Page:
Cocaine reward is enhanced in female mice on heat (the estrus stage of the reproductive cycle), compared to females that are diestrus (in a stage of sexual inactivity) or males, reports a study published online in Nature Communications. The work identifies components of the brain reward circuit that seem to be involved in this response, which may help us to understand the neural basis of sex-specific differences in cocaine reward processing.
In humans, both males and females become addicted to drugs of abuse, including cocaine, but there is evidence that sex differences exist. For example, women may be more susceptible to craving and relapse, and there is evidence that in women, the physiological and subjective responses to cocaine fluctuate in different phases of the menstrual cycle. Studies in animal models have implicated ovarian hormone-dependent changes in drug reward; however, the underlying neural basis is unclear.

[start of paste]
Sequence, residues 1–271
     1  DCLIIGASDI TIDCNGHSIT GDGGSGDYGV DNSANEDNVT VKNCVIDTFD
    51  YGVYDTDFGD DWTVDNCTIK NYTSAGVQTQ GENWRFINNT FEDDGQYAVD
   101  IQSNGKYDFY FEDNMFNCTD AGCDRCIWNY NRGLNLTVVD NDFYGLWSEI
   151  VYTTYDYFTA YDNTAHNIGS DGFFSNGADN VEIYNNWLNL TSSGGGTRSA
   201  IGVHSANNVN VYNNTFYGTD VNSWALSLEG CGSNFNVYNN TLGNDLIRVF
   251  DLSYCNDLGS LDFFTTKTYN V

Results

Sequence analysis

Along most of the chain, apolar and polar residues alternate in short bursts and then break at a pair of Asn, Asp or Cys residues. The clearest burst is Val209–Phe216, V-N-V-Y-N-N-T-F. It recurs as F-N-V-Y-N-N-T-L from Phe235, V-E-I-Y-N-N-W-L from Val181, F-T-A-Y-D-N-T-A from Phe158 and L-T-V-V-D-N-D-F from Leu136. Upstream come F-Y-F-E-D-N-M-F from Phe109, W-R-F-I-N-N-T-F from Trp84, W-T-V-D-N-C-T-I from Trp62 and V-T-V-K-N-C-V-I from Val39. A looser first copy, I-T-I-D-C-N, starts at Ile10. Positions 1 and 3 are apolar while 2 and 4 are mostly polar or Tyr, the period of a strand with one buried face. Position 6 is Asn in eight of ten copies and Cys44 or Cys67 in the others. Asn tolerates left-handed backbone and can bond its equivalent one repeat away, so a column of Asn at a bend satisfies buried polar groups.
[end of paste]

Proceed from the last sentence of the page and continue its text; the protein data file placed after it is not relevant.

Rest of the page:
Ming-Hu Han, Eric Nestler and colleagues assessed cocaine preference in mice by training them to associate a particular environment with cocaine, and another with saline. When tested later in the absence of cocaine, mice preferred to spend more time in the cocaine-paired environment than the saline-paired environment, and the extent of place preference is an indirect measure of cocaine reward. They found that female mice that were trained during estrus cycles formed stronger preference for the cocaine-paired environment than that of males and females that were trained during diestrus. Looking into the brain, they found that the activity of VTA dopamine neurons - a key component of the brain reward circuit - was enhanced in females during estrus, and this drove molecular changes in the reward circuit that ultimately enabled stronger cocaine reward. These findings suggest that the activity and dynamics of the brain reward circuit underlies sex-specific cocaine reward processing.
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